It is intrinsically born in each and every one of us the curiosity to explore the natural world. As babies, step by step, we start learning how to walk. First at home and then exploring outside: fields, streets, beaches. When names and language come along the first thing we ask after pointing is “what”? We do it again and again until we do learn the names of each object and animal. As complex knowledge is acquired we tend to follow distinct questions like “when”, “why” or “how”? However, these questions can only be answered after we know the main one: What is that? What is there? What was there in the first place? What will be there? We, the explorers of the natural world, can spend a life time just answering the same main question to complete the Encyclopaedia of Life on Earth while being taxonomists*. Therefore, we can keep asking what is that during years and years when identifying animals and describing new species.
For 300 years we have only identified around 10% of the life forms that inhabit our planet. The other 90% are still waiting for a name. Deep underwater, below 200 meters depth, is an inaccessible world full of life that looks and behaves much differently than what we commonly see in our daily environment. Deep-sea exploration started during the 19th and 20th centuries when scientific expeditions went through the oceans of the world to discover that the Azoic hypothesis, which stated that marine life was inexistent below 550 m depth, was wrong. Later on, during the late 20th Century, the Dutch dressed in their diving suits and picked up a few gears to go aboard HNLMS Onversaagd, HNLMS Tydeman and RV Tyro. The CANCAP and Mauritania II projects have explored the southern NE Atlantic Ocean during expeditions that took more than a decade, between 1976 and 1988. CANCAP indicates its researched area: (CAN)arian - (CAP)e Verdean Deep-sea Basin. Several scientific expeditions occurred at the Macaronesian archipelagos of Portugal and Spain: Azores, Madeira, Selvagens and the Canary Islands. Then they followed to Africa visiting the islands of Cape Verde and the west coast of Africa off Morrocos and Mauritania, because many of its islands and seamounts have not been studied before.
Though these adventures in the Atlantic Ocean took place forty years ago, you can still be an explorer of their accomplishments by visiting the picturesque Dutch city of Leiden. At the Naturalis Biodiversity Center, the National Natural History Museum sits with animals collected from the surface and the deep sea during several expeditions. Back in 2016, there was a tower building filled with the natural treasures. Each floor gathers collections of distinct animals. My own favourite group, the octocorals, resides on the 18th floor. Octocorals are animals that build forests underwater. They form colonies of numerous polyps with forms that are similar to trees, mushrooms or even feathers. And those colonies can form habitats for a great variety of other species like fish, echinoderms, etc. My soon to be published results about CANCAP octocorals can be found in Zookeys journal (Sampaio et al. 2019).
When I went on the elevator up and up towards their own Naturalis floor, not were only CANCAP deep sea souvenirs discovered, but there were also some relics of the Challenger expedition the worldwide expedition that marked the basis of modern oceanography. There were also Mediterranean species presenting deep life lessons, Clavularia carpediem. Moreover, I had in my own hands the type of individual species described by Gustav Stiasny which are the unique representatives of these animals from the unknown African deep sea. Each jar had its own mysteries and some have unique life forms not found in any other place.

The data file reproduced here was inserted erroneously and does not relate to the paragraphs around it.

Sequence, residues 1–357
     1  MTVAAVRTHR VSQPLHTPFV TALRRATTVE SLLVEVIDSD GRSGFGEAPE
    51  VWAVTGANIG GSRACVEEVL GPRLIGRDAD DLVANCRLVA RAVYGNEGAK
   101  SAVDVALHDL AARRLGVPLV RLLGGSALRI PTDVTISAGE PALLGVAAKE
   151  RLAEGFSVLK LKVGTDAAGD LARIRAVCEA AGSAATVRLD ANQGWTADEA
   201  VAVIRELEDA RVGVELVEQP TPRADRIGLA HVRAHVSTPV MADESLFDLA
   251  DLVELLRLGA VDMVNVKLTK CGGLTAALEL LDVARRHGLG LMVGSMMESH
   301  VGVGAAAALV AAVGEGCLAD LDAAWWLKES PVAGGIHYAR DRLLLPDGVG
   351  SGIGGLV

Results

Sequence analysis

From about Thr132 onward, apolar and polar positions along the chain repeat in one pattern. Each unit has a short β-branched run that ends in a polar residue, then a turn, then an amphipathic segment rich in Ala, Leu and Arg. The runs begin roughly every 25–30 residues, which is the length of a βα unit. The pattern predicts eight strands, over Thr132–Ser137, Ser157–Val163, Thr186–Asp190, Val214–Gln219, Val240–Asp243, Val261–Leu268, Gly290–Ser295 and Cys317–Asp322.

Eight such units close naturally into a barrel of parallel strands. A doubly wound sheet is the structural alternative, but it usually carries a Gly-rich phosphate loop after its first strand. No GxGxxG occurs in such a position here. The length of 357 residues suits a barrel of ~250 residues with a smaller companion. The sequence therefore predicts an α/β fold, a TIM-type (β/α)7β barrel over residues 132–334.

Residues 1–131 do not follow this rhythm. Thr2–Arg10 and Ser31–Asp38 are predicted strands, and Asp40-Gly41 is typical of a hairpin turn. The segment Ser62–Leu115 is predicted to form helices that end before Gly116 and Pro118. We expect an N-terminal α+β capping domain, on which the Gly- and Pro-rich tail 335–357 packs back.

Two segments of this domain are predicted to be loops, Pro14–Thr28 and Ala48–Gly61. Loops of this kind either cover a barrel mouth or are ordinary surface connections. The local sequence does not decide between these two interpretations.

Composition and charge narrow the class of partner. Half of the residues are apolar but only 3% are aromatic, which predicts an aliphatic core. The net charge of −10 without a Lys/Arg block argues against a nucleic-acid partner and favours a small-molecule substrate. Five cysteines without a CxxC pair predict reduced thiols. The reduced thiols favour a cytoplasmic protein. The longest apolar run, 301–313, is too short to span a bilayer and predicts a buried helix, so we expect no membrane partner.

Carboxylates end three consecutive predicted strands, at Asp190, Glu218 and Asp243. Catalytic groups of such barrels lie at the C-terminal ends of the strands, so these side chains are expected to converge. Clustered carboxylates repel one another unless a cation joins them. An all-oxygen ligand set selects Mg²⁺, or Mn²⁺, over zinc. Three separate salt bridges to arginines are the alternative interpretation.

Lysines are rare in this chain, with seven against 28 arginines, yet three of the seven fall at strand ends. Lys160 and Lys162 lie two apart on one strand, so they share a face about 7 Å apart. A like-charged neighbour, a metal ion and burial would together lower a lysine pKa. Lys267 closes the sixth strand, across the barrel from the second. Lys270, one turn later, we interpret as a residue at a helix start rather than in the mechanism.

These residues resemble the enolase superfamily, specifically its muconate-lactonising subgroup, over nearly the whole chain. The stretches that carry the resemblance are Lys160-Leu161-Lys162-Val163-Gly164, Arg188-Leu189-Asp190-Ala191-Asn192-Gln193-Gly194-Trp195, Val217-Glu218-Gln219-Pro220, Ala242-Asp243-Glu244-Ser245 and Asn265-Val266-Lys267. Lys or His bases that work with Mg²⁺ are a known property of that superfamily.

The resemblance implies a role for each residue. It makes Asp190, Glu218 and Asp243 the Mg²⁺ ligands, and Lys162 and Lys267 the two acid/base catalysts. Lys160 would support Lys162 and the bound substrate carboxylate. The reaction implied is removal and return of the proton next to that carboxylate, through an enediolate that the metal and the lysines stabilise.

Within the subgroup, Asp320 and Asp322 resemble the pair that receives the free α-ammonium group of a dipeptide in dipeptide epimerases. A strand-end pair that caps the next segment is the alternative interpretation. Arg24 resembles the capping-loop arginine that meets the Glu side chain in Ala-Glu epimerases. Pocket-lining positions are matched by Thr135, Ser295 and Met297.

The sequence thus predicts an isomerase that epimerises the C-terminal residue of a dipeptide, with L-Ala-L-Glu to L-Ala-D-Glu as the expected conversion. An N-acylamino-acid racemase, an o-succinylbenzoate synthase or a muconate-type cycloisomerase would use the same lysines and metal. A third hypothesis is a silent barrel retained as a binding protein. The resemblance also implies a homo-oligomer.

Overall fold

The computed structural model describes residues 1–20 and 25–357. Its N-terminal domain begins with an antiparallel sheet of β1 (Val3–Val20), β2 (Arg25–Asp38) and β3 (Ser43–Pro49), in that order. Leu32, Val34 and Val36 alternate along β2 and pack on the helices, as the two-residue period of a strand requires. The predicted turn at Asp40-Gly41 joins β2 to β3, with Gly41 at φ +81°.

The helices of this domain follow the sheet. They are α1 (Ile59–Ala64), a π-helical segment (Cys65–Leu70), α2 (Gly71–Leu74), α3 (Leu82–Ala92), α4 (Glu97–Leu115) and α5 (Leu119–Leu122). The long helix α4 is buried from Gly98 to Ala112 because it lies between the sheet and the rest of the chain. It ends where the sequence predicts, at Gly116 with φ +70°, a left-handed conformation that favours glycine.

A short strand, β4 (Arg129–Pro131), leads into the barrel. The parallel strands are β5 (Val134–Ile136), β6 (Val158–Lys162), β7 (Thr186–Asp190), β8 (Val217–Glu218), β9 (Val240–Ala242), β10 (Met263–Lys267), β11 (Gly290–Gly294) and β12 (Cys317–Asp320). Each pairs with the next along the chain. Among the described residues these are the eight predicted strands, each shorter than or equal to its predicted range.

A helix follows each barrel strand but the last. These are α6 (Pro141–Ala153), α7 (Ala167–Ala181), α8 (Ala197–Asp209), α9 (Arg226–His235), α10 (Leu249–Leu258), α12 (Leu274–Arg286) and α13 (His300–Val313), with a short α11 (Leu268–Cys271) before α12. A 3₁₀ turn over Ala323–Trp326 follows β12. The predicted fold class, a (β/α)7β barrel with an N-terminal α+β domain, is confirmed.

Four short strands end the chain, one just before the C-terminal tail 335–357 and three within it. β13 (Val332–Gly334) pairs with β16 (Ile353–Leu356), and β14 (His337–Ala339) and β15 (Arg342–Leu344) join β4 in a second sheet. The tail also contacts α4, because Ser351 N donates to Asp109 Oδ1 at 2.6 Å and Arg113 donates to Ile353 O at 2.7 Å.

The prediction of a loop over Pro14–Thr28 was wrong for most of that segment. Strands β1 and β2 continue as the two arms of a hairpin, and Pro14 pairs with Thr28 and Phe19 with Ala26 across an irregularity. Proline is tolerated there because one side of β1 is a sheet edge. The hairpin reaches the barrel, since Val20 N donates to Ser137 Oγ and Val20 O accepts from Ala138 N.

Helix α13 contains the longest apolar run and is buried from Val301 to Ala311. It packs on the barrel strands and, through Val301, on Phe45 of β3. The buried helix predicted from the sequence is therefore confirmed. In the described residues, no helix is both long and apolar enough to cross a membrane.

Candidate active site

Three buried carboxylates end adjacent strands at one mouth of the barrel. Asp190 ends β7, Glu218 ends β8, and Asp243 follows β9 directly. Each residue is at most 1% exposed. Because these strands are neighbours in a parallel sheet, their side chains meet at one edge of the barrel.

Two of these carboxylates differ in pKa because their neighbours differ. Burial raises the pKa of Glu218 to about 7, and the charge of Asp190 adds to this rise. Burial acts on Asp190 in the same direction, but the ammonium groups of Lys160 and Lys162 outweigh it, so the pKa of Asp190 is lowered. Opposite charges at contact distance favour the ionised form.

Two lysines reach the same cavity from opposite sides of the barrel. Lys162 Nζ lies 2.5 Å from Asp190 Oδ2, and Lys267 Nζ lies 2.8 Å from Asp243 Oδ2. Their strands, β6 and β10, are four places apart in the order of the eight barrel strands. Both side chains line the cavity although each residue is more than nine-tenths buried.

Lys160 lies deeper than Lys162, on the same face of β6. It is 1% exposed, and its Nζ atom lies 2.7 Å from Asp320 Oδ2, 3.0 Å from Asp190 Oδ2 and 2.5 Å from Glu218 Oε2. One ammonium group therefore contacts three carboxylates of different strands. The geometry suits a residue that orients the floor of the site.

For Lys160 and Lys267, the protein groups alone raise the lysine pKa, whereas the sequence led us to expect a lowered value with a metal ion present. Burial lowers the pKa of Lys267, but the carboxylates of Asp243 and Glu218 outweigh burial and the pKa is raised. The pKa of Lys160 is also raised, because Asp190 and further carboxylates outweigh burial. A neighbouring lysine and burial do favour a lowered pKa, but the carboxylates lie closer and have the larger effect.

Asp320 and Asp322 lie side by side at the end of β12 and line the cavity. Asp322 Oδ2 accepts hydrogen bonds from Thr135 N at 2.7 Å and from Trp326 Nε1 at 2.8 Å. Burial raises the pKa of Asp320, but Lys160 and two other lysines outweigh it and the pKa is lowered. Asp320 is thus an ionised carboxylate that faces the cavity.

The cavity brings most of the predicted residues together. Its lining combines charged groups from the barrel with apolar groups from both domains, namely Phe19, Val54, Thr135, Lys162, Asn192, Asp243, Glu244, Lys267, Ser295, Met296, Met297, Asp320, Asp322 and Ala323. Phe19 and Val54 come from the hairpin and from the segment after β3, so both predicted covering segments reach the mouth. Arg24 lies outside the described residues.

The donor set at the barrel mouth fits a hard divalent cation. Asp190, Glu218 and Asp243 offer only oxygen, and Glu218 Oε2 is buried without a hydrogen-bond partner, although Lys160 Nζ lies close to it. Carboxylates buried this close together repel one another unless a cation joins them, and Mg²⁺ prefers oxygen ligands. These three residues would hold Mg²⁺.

While passing through the research facilities and going in and out of the collections and laboratories, I could observe the natural curiosity of adults and kids through a big pane of glass. The reverse was also possible. They could observe the passing-by of a scientist or a curator as if looking to a longitudinal cut of a busy anthill. From the scientist’s perspective, this was like a window to the evolution of life on Earth; a beautiful display of animals placed in a big room with vertebrates and invertebrates from the floor to the ceiling. However, this building was soon closed for a major renovation. A new and better museum for the natural heritage of the Netherlands is under construction. It is almost ready so we need to stay tuned in their website: https://www.naturalis.nl/en/practical-info
The new museum is easily found at the Darwinweg 2, relatively close to Leiden Central train station. If the restaurant and museum shop are similar to the old one, I can assure you great meals and nature souvenirs. Just take a quick look on their website to be enchanted with the architecture of the new building where nine exhibition galleries and three learning areas are announced. All visitors will be able to explore “in the museum, in nature and in the classroom.” I am already eager to visit it next October for the Biodiversity Next conference (https://biodiversitynext.org). What about you?
*a biologist that groups organisms into categories, identifies and describes species.
Sampaio Í, Carreiro-Silva M, Freiwald A , Menezes G, Grasshoff M. in press. Natural history collections as a basis for sound biodiversity assessments: Plexauridae (Octocorallia: Holaxonia) of the Naturalis CANCAP and Tyro Mauritania II expeditions Zookeys
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Íris Sampaio is a PhD Candidate to Ocean Sciences, Marine Ecology at MARE & DOP, University of the Azores and Senckenberg am Meer, Wilhelmshaven supervised by Dr. Marina Carreiro-Silva, Prof. Dr. André Freiwald and Dr. Gui Menezes.